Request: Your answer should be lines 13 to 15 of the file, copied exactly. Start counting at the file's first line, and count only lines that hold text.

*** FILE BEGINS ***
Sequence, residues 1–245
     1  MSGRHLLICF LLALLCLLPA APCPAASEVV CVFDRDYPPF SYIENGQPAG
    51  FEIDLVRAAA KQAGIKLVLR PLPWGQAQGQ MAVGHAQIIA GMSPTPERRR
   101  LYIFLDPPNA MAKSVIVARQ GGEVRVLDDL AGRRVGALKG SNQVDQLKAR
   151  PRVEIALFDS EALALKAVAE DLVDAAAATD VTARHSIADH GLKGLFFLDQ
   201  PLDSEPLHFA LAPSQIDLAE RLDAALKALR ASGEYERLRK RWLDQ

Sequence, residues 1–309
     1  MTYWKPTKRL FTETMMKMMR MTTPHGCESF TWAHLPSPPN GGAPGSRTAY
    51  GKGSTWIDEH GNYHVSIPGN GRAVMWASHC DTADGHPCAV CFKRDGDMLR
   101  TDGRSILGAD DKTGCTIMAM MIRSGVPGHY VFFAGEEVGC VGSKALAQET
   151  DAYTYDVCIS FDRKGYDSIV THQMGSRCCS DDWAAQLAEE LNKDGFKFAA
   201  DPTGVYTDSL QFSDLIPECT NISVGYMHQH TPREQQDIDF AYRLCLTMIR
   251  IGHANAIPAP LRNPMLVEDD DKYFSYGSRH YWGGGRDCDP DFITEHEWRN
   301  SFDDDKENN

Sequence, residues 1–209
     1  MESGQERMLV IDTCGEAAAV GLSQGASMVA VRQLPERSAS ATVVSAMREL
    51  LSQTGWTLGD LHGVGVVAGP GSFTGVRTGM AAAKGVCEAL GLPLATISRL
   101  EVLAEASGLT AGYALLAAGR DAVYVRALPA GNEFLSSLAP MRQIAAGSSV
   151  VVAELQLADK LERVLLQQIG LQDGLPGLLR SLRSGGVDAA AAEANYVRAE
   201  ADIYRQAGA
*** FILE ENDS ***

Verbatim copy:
   251  IGHANAIPAP LRNPMLVEDD DKYFSYGSRH YWGGGRDCDP DFITEHEWRN
   301  SFDDDKENN

Sequence, residues 1–209